Bespoke day on Suilven, 5 October 2019

A blog post from one of our mountain adventures in the Scottish hills and mountains. A bespoke day for a group of friends to bag the iconic peak of Suilven in the North-West Highlands of Scotland. Christine Menhennet was leading.

Bespoke day on Suilven


'To push boundaries and step out of our comfort zones', these were the declared aims of the ladies comprising Team Suilven when we met in the Walkers' Car Park just west of Canisp Lodge. Most of our usual clients are fairly experienced mountaineers, familiar with the beinns, bogs and burns of our glorious landscape but not so this group of lovely ladies for several of whom, explained organiser Jill, layering, walking with poles and peeing in the outdoors were entirely new concepts. Big respect from me then, that they, or rather Jill, had set a 23Km tour of Suilven as their next challenge in pushing those boundaries, and as a first step in training for a Machu Picchu trek!

After introductions and adjustments to straps, laces, poles and layers, we set off from the car park at a healthy pace, my main intention being to be off the hill and on the return track before the forecast heavy rain came in. For now, the weather was bright and breezy, the distant but magnificent pillar of Suilven pushed against a scudding sky and the chat was animated.

It's a fair hike along an undulating track before cutting off for the hill, so we paused at intervals and took time to compare the flowers and foliage of three different heather types and crush and sniff the aromatic leaves of bog myrtle; we saw wild swans on a lochan and heard the guttural squawk of red grouse. At the path junction for Suileag Bothy we paused again to talk a little about the Scottish bothy culture but my chat was cut short by the awesome guest appearance of not one, not two, but three golden eagles soaring silently above us, their wing tips angled like airplane ailerons as they circled ever higher into the blue. Just as we were about to move off again, a sprightly gentleman strode down the bothy path; I knew from the previous night's camper van gossip that this soul had celebrated his 85th birthday the day before, with a lone trip up Suilven and a night in the bothy; he was both amazed and delighted when we surprised him with this advanced knowledge and was very happy to pose for photos with our own, 58th-birthday lady, Jacqui!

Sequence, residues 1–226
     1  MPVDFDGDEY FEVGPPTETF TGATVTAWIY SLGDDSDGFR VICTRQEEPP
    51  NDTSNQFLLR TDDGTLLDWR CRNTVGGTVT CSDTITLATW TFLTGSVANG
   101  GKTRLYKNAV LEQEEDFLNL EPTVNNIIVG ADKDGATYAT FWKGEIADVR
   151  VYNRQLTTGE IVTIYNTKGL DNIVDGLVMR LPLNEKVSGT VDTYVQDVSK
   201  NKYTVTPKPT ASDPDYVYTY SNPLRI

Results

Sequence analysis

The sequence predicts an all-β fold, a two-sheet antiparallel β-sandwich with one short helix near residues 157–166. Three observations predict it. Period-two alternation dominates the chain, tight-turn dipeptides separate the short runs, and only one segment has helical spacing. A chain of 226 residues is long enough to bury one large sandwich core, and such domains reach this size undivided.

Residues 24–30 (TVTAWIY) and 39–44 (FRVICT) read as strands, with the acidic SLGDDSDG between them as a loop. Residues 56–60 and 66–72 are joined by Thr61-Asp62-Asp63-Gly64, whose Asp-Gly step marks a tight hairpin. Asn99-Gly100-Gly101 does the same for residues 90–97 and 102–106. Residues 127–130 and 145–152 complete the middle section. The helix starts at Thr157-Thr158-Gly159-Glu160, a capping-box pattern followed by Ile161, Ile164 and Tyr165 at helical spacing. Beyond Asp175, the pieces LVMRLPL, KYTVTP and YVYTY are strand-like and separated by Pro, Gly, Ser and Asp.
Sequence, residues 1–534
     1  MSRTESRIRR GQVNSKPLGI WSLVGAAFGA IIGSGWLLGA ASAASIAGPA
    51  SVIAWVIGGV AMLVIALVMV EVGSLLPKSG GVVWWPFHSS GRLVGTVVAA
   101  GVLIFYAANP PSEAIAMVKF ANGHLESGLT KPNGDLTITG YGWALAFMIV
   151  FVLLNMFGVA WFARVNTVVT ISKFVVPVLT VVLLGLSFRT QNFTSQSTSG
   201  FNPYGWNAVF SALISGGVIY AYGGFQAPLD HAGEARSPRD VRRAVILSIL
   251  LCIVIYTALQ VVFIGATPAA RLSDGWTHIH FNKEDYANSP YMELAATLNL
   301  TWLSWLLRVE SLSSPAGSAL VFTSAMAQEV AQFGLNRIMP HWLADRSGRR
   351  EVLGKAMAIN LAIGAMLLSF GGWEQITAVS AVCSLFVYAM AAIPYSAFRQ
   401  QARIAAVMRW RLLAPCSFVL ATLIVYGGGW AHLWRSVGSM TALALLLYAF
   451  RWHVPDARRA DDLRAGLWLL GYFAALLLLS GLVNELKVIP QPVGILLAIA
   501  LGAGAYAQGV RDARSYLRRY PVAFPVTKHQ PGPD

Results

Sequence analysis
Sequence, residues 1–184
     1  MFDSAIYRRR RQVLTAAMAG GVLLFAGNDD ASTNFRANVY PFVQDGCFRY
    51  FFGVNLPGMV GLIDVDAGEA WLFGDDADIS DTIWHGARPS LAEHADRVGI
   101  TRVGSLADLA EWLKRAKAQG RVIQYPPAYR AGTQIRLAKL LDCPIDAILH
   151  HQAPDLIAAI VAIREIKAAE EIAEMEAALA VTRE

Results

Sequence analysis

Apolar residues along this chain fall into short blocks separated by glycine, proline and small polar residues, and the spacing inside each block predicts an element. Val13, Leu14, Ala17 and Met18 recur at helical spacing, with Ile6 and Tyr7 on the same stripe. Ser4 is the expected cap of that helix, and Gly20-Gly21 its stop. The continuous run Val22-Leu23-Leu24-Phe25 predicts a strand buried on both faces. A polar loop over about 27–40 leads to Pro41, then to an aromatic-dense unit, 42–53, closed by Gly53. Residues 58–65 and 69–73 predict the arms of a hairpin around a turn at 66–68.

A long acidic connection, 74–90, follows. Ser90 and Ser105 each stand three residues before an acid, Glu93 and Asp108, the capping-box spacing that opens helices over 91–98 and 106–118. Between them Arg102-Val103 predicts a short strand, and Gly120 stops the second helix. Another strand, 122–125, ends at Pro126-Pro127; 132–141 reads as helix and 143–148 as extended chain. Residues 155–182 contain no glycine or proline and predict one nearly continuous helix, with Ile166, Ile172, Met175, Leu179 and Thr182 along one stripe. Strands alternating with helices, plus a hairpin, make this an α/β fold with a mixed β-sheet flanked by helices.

Despite the morning's excitements we arrived on schedule at the hill path junction and so took a five minute break for the most varied sweety offer I have ever seen - from midget gems, boilers and jelly babies to chocolate covered cashews, sugared mango and chocolate limes! We then struck off across the moor for the foot of Suilven; now the hard work began !

Moving steadily, the ladies proved that, whilst not experienced mountaineers, they were well fit and able for the climb. Nearly £0.25m has been spent on the recent path restoration of the hill's north slopes and the many stone pitched steps, cross drains and berms are a testament to the skill and toughness of specialist contractors. Now and again we heard the primeval roar of rutting stags and occasionally spotted their camouflaged forms moving effortlessly across the rusting slopes.